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If MGM celebrates their 95th anniversary, can they collaborate with Warner Bros. to do it again?

Discussion in 'Movies' started by Filmfanatic10, Mar 2, 2019.

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If MGM needs to celebrate their 95th anniversary, can they get Warner Bros. to celebrate it as well?

  1. Yes

    50.0%
  2. No

    33.3%
  3. Maybe

    16.7%
  1. Message #1 of 4 Mar 2, 2019
    Last edited: Mar 2, 2019
    Filmfanatic10

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    If MGM needs to celebrate not only their 95th anniversary but also their own legacy, can they collaborate with Warner Bros. on a publicity campaign (featuring a combination of movies and cartoons from pre-1986 MGM and a large batch of library titles currently owned by MGM) like they did in late 2009, instead of relying solely on their hodge-podge of a library like last time?
     
  2. Robin9

    Robin9 Producer

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    I suppose if they make it worthwhile for Warners to participate, a collaboration is not impossible. There is no reason to imagine that MGM will want to do this. It would probably be extremely embarrassing for them to have people compare the old vintage MGM of the '30s, '40s and '50s with today's MGM.
     
    Osato likes this.
  3. Message #3 of 4 Mar 21, 2019
    Last edited: Mar 21, 2019
    Filmfanatic10

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    https://variety.com/2019/film/news/stephen-bruno-exits-netflix-mgm-1203169129/
    https://www.thewrap.com/members/2019/03/21/mgm-names-stephen-bruno-as-chief-marketing-officer/
    https://deadline.com/2019/03/mgm-stephen-bruno-chief-marketing-officer-netflix-1202580018/

    I know you said the current MGM company isn't the MGM from the 1920s-1980s, but can this new Chief Marketing Officer of MGM license the studio's brand itself to Warner Bros. since he was said to promote and build the brand? WB needs to use it (under license from MGM) to promote its pre-1986 library, they haven't been connected with each other for over 20 years (after MGM and WB ended their home entertainment distribution deal and the latter began distributing the pre-1986 library themselves).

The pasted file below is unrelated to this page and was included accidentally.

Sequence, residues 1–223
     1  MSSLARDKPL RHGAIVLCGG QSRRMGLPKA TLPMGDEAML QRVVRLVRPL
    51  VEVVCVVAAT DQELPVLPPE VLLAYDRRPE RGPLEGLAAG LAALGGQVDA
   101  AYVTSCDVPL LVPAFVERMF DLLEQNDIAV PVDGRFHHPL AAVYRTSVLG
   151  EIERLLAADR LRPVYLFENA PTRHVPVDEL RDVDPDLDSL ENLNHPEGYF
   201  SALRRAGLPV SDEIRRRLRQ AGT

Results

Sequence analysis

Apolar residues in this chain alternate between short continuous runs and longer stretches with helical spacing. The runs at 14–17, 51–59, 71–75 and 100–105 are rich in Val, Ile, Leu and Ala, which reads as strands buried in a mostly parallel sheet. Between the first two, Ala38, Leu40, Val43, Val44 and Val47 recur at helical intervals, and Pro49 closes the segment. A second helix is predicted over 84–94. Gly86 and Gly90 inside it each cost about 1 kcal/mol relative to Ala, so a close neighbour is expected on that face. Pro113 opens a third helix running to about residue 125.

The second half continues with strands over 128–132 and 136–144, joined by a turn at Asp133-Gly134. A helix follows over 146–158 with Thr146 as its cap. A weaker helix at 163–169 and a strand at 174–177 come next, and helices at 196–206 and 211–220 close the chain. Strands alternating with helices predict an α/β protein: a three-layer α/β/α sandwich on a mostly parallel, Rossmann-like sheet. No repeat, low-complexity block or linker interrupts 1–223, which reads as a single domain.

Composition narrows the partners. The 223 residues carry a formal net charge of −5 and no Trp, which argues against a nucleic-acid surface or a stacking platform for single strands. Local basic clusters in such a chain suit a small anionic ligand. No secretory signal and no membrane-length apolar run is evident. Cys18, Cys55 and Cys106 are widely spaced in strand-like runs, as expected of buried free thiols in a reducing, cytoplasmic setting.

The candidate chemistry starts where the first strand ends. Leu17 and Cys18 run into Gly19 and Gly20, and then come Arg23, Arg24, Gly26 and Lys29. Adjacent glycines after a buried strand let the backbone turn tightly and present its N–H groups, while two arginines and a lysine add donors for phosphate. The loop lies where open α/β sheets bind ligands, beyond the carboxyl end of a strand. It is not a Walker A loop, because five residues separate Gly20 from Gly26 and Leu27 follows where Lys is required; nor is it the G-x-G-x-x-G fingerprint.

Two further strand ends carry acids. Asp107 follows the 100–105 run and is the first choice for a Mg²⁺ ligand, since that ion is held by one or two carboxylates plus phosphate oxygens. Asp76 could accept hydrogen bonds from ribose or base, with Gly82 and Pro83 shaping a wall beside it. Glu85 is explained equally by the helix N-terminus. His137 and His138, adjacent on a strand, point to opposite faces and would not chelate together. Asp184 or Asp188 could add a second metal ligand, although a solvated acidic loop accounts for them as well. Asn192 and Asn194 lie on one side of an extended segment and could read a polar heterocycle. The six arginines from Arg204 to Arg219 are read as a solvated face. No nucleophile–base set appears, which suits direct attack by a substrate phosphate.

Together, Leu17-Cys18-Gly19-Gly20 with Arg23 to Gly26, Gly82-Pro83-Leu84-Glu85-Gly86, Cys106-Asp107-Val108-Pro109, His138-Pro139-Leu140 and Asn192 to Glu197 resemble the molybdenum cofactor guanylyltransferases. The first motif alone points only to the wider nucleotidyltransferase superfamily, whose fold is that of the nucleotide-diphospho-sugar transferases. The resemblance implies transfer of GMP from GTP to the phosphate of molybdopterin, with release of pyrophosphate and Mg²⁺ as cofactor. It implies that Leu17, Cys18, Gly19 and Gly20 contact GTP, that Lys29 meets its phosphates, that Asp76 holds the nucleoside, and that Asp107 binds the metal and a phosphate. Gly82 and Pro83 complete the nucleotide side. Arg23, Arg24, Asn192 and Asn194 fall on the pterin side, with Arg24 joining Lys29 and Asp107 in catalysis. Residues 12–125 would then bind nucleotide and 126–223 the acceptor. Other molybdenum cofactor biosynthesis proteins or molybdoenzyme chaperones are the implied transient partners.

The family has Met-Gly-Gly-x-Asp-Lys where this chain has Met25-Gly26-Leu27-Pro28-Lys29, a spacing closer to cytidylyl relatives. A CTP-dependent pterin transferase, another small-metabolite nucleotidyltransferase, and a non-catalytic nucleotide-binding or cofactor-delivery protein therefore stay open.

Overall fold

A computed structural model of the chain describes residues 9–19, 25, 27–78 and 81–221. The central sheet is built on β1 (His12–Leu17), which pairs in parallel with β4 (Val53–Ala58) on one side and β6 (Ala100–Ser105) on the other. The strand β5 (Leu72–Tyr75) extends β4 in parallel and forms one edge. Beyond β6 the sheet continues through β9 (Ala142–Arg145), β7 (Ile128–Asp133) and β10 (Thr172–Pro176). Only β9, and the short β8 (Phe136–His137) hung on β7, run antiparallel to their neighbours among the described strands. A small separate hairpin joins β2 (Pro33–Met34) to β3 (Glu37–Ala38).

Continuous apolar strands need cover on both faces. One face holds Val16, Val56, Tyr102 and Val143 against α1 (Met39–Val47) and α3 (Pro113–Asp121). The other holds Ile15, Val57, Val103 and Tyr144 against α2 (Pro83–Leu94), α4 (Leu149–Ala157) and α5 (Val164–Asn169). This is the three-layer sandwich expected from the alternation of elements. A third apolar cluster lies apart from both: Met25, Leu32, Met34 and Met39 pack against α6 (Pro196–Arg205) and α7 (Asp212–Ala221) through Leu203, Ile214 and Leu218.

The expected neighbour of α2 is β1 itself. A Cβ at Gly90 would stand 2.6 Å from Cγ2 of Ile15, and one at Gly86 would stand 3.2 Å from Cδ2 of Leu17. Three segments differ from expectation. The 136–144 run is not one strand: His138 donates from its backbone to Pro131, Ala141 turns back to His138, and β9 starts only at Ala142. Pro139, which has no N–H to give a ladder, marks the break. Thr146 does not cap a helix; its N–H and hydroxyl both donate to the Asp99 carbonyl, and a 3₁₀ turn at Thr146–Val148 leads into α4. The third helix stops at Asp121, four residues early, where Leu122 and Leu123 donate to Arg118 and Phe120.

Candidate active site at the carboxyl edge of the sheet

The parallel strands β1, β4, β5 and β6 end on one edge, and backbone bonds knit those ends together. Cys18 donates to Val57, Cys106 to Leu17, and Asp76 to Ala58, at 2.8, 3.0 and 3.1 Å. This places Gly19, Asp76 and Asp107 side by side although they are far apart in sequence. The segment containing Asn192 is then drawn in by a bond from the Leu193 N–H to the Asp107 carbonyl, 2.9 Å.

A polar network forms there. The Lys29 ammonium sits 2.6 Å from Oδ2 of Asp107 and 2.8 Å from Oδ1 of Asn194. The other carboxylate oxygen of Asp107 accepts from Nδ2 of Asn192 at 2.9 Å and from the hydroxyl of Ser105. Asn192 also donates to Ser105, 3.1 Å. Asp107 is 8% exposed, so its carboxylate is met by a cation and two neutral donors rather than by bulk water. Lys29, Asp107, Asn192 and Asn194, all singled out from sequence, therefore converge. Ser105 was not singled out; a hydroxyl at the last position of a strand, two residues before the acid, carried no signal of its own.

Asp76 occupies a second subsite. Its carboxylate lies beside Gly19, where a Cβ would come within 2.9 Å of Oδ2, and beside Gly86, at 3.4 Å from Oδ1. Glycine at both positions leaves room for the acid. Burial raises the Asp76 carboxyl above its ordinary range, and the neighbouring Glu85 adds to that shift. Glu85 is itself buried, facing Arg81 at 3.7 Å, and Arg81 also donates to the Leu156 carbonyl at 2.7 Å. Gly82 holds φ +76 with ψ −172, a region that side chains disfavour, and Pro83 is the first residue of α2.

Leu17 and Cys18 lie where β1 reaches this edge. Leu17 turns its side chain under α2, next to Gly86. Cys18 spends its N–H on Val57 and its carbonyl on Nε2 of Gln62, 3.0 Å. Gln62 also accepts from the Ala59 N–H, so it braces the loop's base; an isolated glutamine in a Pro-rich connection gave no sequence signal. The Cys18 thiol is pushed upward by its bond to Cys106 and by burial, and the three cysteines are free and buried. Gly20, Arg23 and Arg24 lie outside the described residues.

4. Nick*Z

    Nick*Z Screenwriter

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    The problem with MGM's management is that no one ever sticks around long enough to make a dent in long-term plans for the company. This short-sightedness has really crippled MGM since the mid-90's; not only in its ability to function as an enfeebled 'film company' and distributor of new theatrical product, but also, in its ability to have someone - anyone - really learn about the asset management of their 'hodge-podge' library. Were that this were the Metro-Goldwyn-Mayer of Louis B. Mayer's era, magically transported into 2019, I have no doubt the studio would still be intact, the back lot preserved, the company thriving, and all of its pre-60's back catalog already out on Blu-ray.

    The loss of rights to that catalog has been to MGM's dearth and Warner Bros. advantage. But WB has managed to make the least of those assets, dragging their heels on releasing a trickle of C-grade fodder via their archive while letting the bulk of their acquired embarrassment of riches remain unseen in hi-def. Even when they release a Blu-ray of something it is a 2K - rather than 4K remaster. In an age where 4K has become the norm, I am not at all certain what the point is doing 2K remasters (other than the fact they are likely cheaper to do). But it just means WB will have to go back - at some point - and redo everything they have already done, just to keep up with technology.

    So, now we have Stephen Bruno - a marketing genius with ties to the defunct Weinstein Co. and Netflix - who likely doesn't have a clue regarding MGM's vast holdings or even a passing interest in 'vintage' product, but is looking merely to exploit 'assets' with clever re-branding. What will likely happen is that all of the assets deemed as 'legendary' by Bruno (and we can speculate these to include the James Bond, Rocky and Woody Allen pictures) will receive a refresher, possibly even in 4K, while deep catalog like The Alamo remains unseen in hi-def.

    PS - there is no good reason for Warner to participate in another 'anniversary' marketing strategy. And anyway, it would again just be a rebranding of the handful of titles already available in hi-def; not an opening up of the floodgates to give us something new, something better, and something more - which is what we are craving.
     

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